I got married in city hall seven years ago but I am celebrating my fourth wedding anniversary at the end of this month. And, yes, you calculated this right—my husband and I waited for three years to throw a proper wedding reception for about 80 of our closest friends and family. I can go into a lot of detail as to why we decided to do it this way, but long story short—we wanted to get married and we did—no fancy party, no expensive dress, just us two, two witnesses, and the city hall officiant. I have no regrets about it.
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My point is, there is no right way to get married and celebrate it. Sure, most people prefer having a ceremony and then immediately after that, a reception. But for others, like me, things happened otherwise. Just take a look at Penn Padgley and Domino Kirke who tied the knot in a courthouse in Brooklyn back in February and threw a star-studded reception in June where they invited a much larger crowd.
So whether you got married at the courthouse or said your vows surrounded only by immediate family in a far-off place, you still deserve a proper celebration later on.
Here, wedding industry pros share their top tips on throwing a perfect wedding-related bash.
1. Capture the Moment
“Just because it isn’t a traditional wedding, doesn’t mean you should miss out on the photos. Make sure you hire someone to capture the party so that you have the memories to look back on.” — Ashley Kelemen, owner, Ashley Kelemen
2. Tell Your Story
“Seek out the details that will share hidden or unique elements of your lives together so that the party has more meaning. It’s great for guests to walk away from the party learning something new about you and your relationship and feeling as though the party was truly fitting for who you are as a couple.” — Virginia Edelson, owner, Bluebird Productions
3. Make it a Surprise
“Throwing an ‘Engagement Party’ to announce that you're married is such a fun way to surprise your loved ones! Make the big announcement by showing a slideshow of images of the actual elopement or ceremony!” — Brooke Keegan, owner, Brooke Keegan Special Events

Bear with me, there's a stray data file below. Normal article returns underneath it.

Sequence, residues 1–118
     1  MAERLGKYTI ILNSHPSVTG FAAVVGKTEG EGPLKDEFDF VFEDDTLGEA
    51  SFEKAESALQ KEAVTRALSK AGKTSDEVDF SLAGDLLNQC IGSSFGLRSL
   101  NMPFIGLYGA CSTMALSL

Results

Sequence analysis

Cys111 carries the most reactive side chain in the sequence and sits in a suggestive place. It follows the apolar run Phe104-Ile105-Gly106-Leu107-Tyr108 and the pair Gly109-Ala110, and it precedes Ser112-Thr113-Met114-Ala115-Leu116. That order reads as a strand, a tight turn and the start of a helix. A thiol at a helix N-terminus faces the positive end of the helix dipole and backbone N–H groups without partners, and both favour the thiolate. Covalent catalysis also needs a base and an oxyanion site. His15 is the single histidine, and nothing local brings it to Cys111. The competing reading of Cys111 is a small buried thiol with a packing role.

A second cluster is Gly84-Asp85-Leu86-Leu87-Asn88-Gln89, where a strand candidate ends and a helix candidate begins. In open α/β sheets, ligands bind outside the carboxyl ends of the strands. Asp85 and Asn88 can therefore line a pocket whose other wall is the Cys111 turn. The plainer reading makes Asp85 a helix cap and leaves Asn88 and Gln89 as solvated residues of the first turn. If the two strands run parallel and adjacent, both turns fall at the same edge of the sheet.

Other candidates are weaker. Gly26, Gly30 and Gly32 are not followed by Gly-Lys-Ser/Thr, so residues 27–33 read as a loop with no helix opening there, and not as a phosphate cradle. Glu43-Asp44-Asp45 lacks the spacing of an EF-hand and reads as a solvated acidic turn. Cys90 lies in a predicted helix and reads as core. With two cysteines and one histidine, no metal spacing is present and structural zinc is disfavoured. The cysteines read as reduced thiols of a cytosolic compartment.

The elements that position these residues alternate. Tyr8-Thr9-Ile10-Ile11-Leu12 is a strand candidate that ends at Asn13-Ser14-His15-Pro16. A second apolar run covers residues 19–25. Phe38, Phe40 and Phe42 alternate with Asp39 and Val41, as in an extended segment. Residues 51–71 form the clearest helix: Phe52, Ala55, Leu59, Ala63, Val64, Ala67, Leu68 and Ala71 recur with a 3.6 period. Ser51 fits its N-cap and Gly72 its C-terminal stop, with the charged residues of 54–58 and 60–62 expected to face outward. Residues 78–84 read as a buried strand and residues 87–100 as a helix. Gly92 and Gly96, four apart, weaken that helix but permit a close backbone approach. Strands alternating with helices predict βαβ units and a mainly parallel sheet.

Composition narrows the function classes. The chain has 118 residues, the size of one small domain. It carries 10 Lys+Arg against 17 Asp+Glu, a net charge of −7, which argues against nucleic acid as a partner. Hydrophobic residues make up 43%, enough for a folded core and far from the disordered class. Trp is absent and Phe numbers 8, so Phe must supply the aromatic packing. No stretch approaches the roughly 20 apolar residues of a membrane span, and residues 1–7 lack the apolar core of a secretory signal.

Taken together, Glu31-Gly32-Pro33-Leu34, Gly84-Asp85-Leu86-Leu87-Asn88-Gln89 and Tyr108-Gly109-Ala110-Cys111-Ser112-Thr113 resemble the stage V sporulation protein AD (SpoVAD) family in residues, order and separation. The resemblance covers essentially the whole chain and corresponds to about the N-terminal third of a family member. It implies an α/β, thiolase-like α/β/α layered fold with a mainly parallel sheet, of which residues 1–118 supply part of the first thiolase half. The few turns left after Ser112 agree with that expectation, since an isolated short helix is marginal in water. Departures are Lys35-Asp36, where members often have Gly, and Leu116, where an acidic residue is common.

4. Have the Party do Double Duty
“Make it swanky and tie it into a holiday like NYE!” — Stephanie Cole and Sarah Drake, founders, Cole Drake Events
5. Don't try to Replicate the Ceremony
“Give a thoughtful toast to your guests where you can reflect on the vows you both said, that way you are keeping your first ceremony special, while giving your family and friends a glimpse into your intimate moment!” — Adam Donovan-Groves, creative director and wedding planner, Donovan-Groves Events
6. Remember the Décor
“Whether it is small or large celebration, open house style or a sit down dinner, don’t forget to dress up your tables with flowers. Beautiful floral centerpieces will fill up your tables and will add cheer and class to your celebration. You can never go wrong with flowers!” — Tiffany Siladke, owner, Foraged Floral
7. Keep it Casual
“Throw a casual, family-style, music-filled bash where the evening’s agenda leaves you lots of room to mingle and mix.”
— Calder Clark, owner and creative director, Calder Clark
8. Let Them Eat Cake
“Have everyone get together for a fun, and delicious, dessert-only party. Keep the atmosphere light and celebrate your new journey!”—Amy Nichols, owner, Amy Nichols Special Events
9. Entertain Your Guests
“Create opportunities for your guests to have fun and really get to know each other, the same way you would at a wedding weekend. Photo booths and games are a great way to bring people together.” — Emily Clarke, creative director, Emily Clarke Events
10. Ditch the Formal Wedding Dress
“Find a fun white dress that you can dance in and that has a more casual feel than a wedding gown. It is all about the celebration after all!” — Jamie Gansler, senior event producer, A Savvy Event
11. Celebrate with a Theme
“Stray away from tradition and have fun with your theme. Think about theme-ing out your celebration into something unique and different that will provide your guests with a nice surprise.” — Kaitlyn Hostetler, director of marketing, EVOKE